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Total shear design method in lieu of tributary area method (flexible diaphragm)

Total shear design method in lieu of tributary area method (flexible diaphragm)

Total shear design method in lieu of tributary area method (flexible diaphragm)

(OP)
A fellow engineer told me that you could design wood shear walls using the total shear design method. Every shear walls designed with equal unit shears based on the story shear.

I always thought that wood shear walls need to be designed with a tributary method based on the flexible diaphragm method.

Has anyone used total shear design method? And if so, which code section allows this design approach?

RE: Total shear design method in lieu of tributary area method (flexible diaphragm)

I've heard this rumour too. In fact when I was a junior designer my supervising engineer told me to do the same thing. I don't necessarily agree with the approach. There are arguments to be made where you can account for the diaphragm to be considered rigid, but I don't agree with the Total shear method.

RE: Total shear design method in lieu of tributary area method (flexible diaphragm)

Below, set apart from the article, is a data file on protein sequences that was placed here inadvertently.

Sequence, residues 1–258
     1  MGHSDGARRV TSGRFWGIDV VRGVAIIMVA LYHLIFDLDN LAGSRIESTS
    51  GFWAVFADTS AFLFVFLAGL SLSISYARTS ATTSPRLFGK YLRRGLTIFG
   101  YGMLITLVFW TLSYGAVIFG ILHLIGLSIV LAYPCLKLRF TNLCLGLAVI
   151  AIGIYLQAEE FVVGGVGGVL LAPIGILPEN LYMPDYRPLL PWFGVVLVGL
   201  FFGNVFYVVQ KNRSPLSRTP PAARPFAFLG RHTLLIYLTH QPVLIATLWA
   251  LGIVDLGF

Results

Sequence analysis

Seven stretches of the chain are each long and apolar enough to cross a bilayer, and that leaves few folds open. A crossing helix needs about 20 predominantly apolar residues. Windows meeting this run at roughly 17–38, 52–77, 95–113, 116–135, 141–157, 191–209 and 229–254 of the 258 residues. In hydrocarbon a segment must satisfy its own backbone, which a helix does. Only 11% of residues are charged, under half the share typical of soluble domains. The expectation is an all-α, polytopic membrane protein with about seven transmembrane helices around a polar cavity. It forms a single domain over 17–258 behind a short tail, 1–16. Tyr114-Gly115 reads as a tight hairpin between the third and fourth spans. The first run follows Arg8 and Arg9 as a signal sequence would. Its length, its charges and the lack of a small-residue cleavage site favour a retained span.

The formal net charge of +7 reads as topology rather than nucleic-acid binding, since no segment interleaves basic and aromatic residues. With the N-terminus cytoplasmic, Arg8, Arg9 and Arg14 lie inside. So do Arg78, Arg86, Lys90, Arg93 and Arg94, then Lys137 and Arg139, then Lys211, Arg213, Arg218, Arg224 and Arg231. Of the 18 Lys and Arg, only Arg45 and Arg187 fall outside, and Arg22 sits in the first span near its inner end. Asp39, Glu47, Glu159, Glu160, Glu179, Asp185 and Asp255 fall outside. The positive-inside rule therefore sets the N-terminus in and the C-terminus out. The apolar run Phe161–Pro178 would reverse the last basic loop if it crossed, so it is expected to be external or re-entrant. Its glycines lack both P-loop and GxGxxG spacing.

Whether your diaphragm should be treated as rigid or flexible should rightly be something that you determine rather than arbitrarily decide. That said, I arbitrarily decide flexible unless I suspect that rigid will be expedient for me for some reason.

I can think of two possible origins for the total shear method:

1) Low rise masonry and concrete shear wall design from the old days (long walls). Since squat walls are generally dominated by shear flexibility, it was common -- and reasonably accurate -- to assume that load would distribute according to wall length. That, because stiffness was more or less a linear function of wall length. In this case, the method would only work if the center of load aligned with the center of rigidity. Fat chance nowadays.

2) For walls that can be assumed to yield in a ductile fashion, there is a school of thought that says that you can ignore building torsion effects for seismic because the diaphragm's own rotational inertial will keep it from twisting under transient inertial loading. I've never actually employed this and would expect it to have a pretty limited range of applicability. None the less, I believe that one of the SEAOC seismic manuals contains an example of this method.

I like to debate structural engineering theory -- a lot. If I challenge you on something, know that I'm doing so because I respect your opinion enough to either change it or adopt it.

RE: Total shear design method in lieu of tributary area method (flexible diaphragm)

As usual, this depends.

I have justified to myself such a load determination on a long wood building in the long dimension of the building since the diaphragm is unlikely to deflect much at all. In those cases the walls are fairly uniformly and tightly spaced.

Now looking at the same structure with the load perpendicular to the length of the building, I considered it much more likely for the diaphragm to behave traditionally flexibly and distributed the forces per tributary area.